Each year after the autumn equinox in late September we begin to notice that there are more hours of darkness than there is of daylight. At the end of October when the UK "puts the clocks back" moving from British Summer Time to Greenwich Meantime, it becomes more obvious. For some people this change can upset sleeping patterns, as can long distance flights, where jet lag, for some, can be a problem. This led me to think about birds, some of whom are long distance travellers, and their sleeping habits.
Research on caged birds, during their natural migration period, reports that their sleep pattern is reversed. That is, they are awake at night when they would be migrating and resting during the day. The rest that was taken was unusual as instead of long periods of sleep, there were many short periods lasting about ten seconds. Power naps? In addition, it was noted that they would sleep with one eye open, half asleep, or partially shutting both eyes.
On the other hand, research on Lapland Buntings in the 24 hour daylight of Arctic summer showed the birds maintained a schedule of resting for several hours each day between about midnight and 4.00am.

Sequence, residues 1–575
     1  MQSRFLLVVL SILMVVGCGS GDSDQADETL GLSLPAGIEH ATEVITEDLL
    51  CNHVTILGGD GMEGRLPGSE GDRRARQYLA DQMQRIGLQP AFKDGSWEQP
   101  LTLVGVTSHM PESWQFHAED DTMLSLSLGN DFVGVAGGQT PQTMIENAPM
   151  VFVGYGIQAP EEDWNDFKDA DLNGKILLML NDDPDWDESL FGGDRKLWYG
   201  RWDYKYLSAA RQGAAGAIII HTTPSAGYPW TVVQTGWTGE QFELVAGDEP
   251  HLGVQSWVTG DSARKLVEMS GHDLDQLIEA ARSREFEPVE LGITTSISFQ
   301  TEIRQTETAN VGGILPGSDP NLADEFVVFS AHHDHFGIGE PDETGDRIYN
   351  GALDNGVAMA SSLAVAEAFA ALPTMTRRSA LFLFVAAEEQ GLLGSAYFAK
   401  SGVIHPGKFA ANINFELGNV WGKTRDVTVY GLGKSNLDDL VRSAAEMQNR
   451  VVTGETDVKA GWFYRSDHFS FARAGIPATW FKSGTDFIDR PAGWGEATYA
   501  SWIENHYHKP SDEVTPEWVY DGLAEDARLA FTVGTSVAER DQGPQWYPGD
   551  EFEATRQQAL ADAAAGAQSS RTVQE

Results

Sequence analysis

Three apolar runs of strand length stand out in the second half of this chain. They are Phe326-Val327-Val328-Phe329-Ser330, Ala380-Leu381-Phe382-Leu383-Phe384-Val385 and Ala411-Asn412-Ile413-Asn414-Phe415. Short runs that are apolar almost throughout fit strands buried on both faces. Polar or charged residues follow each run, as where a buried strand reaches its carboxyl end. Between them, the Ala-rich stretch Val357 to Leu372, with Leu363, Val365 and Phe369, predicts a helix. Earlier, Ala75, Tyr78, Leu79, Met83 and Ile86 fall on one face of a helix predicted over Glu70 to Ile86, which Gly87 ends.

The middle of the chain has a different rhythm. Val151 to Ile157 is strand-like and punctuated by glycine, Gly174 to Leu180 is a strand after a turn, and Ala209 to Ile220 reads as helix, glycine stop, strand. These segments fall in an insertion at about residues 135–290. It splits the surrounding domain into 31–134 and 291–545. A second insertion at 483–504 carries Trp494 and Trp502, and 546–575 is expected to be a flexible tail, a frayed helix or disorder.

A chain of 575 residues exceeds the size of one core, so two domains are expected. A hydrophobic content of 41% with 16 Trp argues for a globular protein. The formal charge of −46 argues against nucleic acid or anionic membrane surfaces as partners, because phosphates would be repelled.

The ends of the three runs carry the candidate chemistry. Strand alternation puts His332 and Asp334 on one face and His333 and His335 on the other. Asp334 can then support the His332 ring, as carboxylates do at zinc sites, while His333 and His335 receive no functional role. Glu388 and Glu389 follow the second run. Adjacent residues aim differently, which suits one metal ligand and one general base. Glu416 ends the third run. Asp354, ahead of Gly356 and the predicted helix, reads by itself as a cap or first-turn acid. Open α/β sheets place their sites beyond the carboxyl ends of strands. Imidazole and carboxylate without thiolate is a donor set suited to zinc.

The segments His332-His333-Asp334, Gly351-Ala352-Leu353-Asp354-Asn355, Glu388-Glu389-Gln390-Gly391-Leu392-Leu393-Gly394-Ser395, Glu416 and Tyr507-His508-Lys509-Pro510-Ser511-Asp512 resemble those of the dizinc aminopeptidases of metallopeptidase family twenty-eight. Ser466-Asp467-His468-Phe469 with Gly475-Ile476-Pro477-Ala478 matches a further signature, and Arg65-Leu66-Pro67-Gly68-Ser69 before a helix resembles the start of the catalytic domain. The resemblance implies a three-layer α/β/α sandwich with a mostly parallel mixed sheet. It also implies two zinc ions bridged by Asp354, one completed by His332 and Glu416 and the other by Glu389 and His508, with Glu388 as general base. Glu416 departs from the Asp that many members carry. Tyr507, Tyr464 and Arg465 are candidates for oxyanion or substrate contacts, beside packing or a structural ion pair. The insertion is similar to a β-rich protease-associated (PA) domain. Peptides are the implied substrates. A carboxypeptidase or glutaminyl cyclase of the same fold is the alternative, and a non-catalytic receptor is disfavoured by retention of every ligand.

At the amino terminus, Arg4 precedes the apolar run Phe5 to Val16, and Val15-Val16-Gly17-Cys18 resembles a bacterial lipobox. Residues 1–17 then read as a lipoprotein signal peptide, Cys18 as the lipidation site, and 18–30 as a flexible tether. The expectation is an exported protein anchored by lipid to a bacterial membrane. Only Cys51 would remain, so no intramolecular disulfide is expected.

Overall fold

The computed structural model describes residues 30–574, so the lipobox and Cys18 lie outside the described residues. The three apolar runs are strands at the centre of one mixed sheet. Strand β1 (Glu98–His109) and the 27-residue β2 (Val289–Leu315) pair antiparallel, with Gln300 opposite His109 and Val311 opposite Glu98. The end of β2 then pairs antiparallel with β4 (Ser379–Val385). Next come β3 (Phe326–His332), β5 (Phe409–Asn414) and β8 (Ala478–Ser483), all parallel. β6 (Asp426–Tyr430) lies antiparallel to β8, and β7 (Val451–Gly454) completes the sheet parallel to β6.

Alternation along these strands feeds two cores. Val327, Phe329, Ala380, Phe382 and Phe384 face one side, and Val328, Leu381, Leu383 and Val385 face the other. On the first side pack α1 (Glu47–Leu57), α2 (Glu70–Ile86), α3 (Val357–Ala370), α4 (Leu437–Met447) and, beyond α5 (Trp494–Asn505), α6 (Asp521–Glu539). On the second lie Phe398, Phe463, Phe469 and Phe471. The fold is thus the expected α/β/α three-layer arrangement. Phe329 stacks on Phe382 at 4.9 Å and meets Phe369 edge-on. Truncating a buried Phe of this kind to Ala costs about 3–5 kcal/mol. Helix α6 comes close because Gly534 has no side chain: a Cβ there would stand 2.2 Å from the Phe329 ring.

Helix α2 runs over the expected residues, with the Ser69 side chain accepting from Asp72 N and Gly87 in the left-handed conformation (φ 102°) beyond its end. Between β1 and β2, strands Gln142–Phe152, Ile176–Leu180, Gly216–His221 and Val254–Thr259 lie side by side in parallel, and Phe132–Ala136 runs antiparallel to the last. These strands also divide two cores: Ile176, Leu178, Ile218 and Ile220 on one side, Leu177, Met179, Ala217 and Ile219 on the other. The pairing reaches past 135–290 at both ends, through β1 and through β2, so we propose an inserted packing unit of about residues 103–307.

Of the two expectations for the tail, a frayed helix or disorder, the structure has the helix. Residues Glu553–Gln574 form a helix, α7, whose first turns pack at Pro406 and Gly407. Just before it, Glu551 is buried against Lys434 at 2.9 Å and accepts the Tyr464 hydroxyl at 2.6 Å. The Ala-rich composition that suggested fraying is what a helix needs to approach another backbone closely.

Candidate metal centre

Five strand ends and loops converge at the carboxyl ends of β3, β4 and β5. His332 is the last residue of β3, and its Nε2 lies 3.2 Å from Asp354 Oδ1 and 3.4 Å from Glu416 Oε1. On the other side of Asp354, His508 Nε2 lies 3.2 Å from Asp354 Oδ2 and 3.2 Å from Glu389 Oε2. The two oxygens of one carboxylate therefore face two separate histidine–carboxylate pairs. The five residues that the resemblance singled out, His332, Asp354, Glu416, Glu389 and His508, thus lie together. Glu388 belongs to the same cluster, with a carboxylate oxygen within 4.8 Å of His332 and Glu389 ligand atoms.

Other studies have shown that mammals and birds have similar types of sleep. The rapid eye movement sleep lasts about a quarter of the time. It is during this period that humans dream. In the deeper non-rapid eye movement sleep muscle tone is maintained and some humans sleep walk.
Some birds like Swifts are able to fly while asleep. How can they do that? It has been shown that birds, like Swifts, and some aquatic mammals can rest one half of the brain while the other half is awake. Unihemispheric sleep or half asleep. If the right hemisphere of the brain is awake, the left eye is open and vice versa. This ability enables some birds to sleep and fly.
Half asleep is also useful to birds like ducks that sleep in groups. The ones on the edge of the group can be half asleep keeping watch while those in the centre can have both eyes shut and can be fully asleep.
A final thought on sleep, think of all the little birds perched in the dark in sheltered spots in bushes and trees. How can they do that? Why don't they fall off? The words used to explain it are "flexor reflex". The pressure of the branch on the sole of the foot and the bending of the legs cause the foot to curl round and grip the branch without any conscious effort.